So the Founders started the ball rolling and yet are often criticized for not having taken the logical conclusion of their ideas to heart.
Regardless, many sincerely believed that the uplifting of all persons within the land was the inevitable destination of their ideas. Not all did. Perhaps not even Washington, he was not one to opine on theory much and so we cannot definitely say, although at his death he freed his own slaves.
In other words, the more radical Founders like Samuel Adams did not believe that within the limits of the realpolitik of their day they could liberate the slaves and indentured servants or elevate women, but they saw in the very architecture of the Constitution and Bill of Rights that these things were being made inevitable!
Unlike modern politicians, these radical idealists took a long view. They realized their limits and yet set in motion a structure and system that they were convinced would make their radical ideals the inevitable conclusion!
The Revolution wasn’t fought for these ideals, at least not on the part of the majority of people who supported it.
But men like James Madison and Samuel Adams, men like John Adams and Thomas Jefferson, were inspired by these radical ideals and embedded these radical freedom ideals within the structure of the government.
We can state these ideals, even though nobody ever stated them before, and the core philosophy of our more radical freedom-loving Founders.
These ideals can be described as Unity in diversity, Popular sovereignty, Democratic equality, and Rule of law. And it is from the initials UPDR we derive the name of the philosophy and radical ideals of our more radical freedom-loving Founders: UPDRism or upadarianism. This is a radical freedom ideology, although up until now it has not been named.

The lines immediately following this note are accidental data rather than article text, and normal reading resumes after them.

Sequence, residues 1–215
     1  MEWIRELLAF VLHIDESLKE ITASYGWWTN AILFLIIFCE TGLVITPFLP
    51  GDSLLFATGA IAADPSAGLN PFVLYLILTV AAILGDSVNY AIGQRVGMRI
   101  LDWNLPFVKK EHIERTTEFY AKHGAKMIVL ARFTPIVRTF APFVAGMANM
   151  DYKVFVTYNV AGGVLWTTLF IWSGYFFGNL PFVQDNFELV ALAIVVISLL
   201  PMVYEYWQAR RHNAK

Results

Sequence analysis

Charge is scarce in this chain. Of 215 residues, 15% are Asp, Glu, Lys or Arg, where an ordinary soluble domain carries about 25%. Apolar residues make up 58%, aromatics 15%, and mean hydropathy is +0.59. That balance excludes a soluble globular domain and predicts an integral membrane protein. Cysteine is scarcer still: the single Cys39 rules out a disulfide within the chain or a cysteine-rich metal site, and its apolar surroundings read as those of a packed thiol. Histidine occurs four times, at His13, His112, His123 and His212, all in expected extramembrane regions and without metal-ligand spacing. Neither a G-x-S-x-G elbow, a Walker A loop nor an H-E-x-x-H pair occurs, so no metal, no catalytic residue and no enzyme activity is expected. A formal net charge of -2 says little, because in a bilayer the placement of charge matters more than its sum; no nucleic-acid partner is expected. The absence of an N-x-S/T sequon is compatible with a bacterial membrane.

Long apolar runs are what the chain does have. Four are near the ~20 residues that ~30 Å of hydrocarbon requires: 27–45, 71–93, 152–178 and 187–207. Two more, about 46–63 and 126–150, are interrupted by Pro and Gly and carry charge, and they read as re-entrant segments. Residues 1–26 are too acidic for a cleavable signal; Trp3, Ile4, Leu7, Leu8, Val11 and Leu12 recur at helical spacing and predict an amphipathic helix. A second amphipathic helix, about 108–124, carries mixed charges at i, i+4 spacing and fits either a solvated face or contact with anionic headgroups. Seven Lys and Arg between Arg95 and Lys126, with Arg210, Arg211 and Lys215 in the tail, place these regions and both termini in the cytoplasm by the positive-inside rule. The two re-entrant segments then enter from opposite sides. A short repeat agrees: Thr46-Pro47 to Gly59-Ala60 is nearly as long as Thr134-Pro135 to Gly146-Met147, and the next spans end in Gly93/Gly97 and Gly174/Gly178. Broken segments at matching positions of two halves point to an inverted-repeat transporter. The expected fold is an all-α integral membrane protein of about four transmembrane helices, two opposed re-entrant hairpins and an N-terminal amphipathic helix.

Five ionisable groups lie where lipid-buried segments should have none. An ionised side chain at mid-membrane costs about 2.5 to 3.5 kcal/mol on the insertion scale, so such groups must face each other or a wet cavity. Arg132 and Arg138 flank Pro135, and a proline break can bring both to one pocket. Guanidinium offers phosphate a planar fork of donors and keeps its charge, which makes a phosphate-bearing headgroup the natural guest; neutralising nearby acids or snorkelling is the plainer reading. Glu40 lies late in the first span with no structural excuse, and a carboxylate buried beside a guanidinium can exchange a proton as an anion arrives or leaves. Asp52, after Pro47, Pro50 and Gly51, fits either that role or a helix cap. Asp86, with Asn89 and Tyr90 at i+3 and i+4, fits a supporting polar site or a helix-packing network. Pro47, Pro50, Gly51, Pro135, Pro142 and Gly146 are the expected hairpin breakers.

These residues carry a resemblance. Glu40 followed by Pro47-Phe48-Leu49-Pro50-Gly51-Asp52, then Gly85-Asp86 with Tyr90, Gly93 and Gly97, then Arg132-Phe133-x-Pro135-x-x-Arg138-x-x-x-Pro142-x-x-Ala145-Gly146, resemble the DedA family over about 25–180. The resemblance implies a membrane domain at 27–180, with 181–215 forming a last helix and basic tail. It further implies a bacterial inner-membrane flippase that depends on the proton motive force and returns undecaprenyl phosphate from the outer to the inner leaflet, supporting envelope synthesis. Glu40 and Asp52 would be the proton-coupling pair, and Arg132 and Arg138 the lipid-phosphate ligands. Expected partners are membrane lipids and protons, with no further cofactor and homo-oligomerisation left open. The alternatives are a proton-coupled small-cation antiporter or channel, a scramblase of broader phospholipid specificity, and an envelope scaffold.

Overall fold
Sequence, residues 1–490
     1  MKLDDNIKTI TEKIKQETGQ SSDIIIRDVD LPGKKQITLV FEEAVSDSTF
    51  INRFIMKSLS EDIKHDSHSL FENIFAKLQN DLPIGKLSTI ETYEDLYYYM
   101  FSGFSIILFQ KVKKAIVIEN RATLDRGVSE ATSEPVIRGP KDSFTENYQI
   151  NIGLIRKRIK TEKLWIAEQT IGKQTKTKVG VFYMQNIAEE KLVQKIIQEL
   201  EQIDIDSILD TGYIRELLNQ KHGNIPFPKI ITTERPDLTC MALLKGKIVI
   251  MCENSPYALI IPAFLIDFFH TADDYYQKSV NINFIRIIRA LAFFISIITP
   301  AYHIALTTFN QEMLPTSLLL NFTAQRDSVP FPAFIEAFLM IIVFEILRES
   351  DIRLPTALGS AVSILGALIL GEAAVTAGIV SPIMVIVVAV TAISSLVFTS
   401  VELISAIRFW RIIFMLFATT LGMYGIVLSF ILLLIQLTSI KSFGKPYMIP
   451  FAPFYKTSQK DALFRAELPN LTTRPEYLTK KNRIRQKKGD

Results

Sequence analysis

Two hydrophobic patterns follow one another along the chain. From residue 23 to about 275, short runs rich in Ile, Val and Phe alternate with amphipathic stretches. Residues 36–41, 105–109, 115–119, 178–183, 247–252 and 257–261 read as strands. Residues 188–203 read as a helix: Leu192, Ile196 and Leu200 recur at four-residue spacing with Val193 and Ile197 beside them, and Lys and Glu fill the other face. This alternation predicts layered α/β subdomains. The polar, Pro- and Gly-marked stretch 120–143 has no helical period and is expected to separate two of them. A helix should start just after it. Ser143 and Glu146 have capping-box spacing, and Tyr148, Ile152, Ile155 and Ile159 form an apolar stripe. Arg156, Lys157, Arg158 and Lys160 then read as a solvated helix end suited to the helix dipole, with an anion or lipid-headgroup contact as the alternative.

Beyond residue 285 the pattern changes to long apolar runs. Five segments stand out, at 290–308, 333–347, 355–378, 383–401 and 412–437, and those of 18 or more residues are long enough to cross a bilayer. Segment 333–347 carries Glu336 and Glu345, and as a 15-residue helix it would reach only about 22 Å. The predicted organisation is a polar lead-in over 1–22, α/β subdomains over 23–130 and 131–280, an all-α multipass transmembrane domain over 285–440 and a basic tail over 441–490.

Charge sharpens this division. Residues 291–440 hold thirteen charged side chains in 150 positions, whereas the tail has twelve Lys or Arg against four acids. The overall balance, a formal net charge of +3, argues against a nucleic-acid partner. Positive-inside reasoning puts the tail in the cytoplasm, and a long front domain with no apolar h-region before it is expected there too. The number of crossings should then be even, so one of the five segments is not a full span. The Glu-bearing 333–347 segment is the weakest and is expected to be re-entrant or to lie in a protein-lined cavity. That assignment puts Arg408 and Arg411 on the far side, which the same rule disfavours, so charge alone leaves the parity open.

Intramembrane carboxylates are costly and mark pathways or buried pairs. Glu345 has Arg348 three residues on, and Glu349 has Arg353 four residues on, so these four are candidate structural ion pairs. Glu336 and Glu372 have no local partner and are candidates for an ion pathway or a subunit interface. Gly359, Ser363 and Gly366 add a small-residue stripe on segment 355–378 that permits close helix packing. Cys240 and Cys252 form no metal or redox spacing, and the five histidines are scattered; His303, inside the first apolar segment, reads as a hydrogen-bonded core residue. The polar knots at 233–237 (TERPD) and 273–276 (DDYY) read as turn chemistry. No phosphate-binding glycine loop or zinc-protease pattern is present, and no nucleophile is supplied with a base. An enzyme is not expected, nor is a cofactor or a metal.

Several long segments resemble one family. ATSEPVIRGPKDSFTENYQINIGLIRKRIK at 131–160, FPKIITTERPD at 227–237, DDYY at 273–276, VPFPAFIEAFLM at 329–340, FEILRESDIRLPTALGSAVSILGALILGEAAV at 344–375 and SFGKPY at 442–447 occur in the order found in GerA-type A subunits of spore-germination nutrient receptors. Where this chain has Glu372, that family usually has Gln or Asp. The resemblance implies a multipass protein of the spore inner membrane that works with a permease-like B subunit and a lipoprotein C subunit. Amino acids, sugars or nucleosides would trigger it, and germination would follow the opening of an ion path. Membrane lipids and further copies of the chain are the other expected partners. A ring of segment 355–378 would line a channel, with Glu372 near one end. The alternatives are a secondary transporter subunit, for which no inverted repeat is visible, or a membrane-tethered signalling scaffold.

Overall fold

This is what I propose describes these ideals and this name is the best and most handy name to describe their true philosophy and ideology.
In future parts we will explore how America Unfulfilled has become the genesis point for a new “experiment in freedom” and “empire of liberty” that is more of an heir to the radical freedom-loving idealists of the American Revolution than the current American sociopolitical system.
So, in short, the radical freedom ideals that inspired some of the top people in the Revolution were not inspirational to most people at the time.
But the radicals were succesful at harnessing the actual grievances of their fellow Colonists to move the 13 colonies toward Revolution.
Many of our Founders were both radical idealists who were ahead of their time AND very intelligent political operators with one foot firmly planted in understanding the political possibilities and necessities of the hour and of their actual limits.
Their dream has not yet been fulfilled. For America to be fulfilled it would have to adopt these ideals from then individual to the federal level. In short, we would become a UPDR Commonwealth of free sovereignties with freedom for all people without favor or prejudice.
This remains a dream and, since the 1950s, America has begun to turn away from these ideals of radical freedom for all.
In conclusion, the American Revolution was largely fought over more mundain parochial reasons and issues, such as a divergence of culture and interests from the Crown. But its leading lights, men like Samuel Adams, were indeed inspired by ideals which remain unfulfilled by America today and which, since the 1950s especially, have been unceasingly betrayed.